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Venezuelan chef gets a chance on work permit charge
A Venezuelan chef who claimed to have cooked for the Prime Minister was yesterday reprimanded and discharged when he appeared in court charged for working without a valid work permit. Carlos Alexis Mejia Montes, 31, cried as he stood before Magistrate Marcia Murray in the Port-of-Spain First Magistrates’ Court.
Montes and Jesus Daniel Mendez, 37, also of Venezuela, were arrested at Trader Jack’s Restaurant, MovieTowne, Invaders’ Bay. Both men pleaded guilty yesterday. The court heard that around 5.15 pm on April 24, immigration officials visited the restaurant after receiving information and arrested both men after they failed to produce valid work permits.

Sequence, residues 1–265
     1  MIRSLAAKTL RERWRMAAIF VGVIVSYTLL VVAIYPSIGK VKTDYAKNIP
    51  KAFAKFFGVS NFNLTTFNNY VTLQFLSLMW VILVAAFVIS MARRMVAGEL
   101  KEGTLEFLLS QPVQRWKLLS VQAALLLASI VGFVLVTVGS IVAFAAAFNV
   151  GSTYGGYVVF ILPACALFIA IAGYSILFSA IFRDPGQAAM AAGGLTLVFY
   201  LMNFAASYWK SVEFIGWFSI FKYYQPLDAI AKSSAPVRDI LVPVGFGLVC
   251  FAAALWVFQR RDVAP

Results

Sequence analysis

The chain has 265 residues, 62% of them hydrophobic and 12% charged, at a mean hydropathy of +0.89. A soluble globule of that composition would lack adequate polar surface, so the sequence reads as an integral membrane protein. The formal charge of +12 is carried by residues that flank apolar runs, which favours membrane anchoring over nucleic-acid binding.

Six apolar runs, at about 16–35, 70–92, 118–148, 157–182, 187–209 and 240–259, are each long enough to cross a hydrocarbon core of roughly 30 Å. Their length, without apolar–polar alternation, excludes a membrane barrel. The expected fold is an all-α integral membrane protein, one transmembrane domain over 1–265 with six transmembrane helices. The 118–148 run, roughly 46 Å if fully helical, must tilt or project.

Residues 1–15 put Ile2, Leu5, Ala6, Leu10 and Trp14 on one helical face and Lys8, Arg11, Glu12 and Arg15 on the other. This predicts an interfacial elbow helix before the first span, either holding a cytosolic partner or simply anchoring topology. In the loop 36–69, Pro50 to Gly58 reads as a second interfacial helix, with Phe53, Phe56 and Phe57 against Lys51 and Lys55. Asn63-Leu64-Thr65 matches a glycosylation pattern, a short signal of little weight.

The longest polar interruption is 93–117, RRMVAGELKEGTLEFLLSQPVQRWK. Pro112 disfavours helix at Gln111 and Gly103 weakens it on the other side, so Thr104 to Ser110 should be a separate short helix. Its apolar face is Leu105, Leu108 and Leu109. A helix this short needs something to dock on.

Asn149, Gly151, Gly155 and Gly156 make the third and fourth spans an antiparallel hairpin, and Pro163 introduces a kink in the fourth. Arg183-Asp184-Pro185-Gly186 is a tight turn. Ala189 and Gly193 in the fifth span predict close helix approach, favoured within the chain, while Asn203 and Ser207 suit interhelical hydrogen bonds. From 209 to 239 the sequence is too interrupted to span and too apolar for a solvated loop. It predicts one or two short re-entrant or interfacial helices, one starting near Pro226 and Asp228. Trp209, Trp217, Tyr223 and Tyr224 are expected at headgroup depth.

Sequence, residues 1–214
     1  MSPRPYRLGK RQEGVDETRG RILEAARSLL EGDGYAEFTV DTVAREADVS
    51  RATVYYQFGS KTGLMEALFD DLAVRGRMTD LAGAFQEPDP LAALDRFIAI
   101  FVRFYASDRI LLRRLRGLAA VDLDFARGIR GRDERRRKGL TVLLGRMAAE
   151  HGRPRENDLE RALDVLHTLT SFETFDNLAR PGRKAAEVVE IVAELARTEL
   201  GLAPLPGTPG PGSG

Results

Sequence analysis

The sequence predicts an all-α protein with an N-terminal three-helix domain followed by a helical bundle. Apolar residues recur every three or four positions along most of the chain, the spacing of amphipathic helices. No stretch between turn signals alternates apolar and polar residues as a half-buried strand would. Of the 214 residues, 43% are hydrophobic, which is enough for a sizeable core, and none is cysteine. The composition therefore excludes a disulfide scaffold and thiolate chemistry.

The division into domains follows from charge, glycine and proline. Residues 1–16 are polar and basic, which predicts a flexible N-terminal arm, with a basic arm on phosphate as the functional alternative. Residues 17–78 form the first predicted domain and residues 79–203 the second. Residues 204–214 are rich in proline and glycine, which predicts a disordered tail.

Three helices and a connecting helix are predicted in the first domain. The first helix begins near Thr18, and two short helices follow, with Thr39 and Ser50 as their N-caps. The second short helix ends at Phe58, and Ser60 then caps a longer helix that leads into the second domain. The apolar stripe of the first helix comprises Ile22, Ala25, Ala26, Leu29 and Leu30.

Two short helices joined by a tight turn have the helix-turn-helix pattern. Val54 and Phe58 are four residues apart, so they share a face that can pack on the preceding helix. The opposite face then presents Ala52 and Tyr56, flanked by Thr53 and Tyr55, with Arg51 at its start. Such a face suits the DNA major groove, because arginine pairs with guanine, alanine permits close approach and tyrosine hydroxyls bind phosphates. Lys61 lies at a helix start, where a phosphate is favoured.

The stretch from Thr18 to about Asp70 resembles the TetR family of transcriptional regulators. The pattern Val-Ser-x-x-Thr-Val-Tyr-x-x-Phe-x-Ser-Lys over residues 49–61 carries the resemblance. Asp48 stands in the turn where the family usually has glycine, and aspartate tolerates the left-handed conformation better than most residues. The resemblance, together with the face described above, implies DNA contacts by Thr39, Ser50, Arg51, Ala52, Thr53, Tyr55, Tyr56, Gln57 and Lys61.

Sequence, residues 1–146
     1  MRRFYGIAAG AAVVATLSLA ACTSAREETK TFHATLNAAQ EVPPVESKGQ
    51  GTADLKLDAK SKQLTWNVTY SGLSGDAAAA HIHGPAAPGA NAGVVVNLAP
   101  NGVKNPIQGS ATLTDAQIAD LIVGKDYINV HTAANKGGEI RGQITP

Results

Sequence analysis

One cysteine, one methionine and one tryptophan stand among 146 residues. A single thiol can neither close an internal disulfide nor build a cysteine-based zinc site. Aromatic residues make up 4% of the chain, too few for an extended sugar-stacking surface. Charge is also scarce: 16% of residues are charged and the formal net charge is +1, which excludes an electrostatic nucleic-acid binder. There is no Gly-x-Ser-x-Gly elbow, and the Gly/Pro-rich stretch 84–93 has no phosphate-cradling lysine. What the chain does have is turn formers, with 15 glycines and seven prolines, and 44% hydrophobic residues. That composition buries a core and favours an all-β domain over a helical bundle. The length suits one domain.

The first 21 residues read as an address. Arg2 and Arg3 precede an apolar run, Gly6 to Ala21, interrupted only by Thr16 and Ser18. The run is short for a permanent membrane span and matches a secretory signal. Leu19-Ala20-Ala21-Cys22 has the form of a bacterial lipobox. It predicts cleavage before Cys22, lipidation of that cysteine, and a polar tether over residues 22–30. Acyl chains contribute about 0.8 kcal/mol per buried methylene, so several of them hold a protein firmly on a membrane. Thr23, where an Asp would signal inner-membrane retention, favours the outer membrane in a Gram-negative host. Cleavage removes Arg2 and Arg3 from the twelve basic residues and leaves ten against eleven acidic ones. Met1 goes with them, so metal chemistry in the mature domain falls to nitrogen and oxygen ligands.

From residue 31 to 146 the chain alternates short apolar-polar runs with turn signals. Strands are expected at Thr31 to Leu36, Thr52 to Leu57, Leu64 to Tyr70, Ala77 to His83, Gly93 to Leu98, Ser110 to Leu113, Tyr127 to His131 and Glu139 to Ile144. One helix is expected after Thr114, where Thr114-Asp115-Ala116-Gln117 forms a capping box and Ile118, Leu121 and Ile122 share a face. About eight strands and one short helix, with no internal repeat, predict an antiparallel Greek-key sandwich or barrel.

Attorney Amanda La Caille, who represented Montes, said her client possessed a valid work permit which had been issued in the name of Bella Italia Restaurant, Trincity Mall, and had been helping train graduates of the MUST programme. La Caille said Montes’ work permit was valid for two years and will expire later this year.
Accepting the explanation offered to the court, Murray later reprimanded and discharged Montes after learning he had worked under the misapprehension that his work permit allowed him to be employed at other establishments other than the one in whose name the permit was issued.
Mendez, who was represented by attorney Vince Charles, was fined $700, to be paid forthwith, or he will have to serve four weeks’ hard labour. Murray also rejected a copy of the work permit application submitted by Mendez’s employer. Richard Chootoo of the Immigration Division laid the charge.
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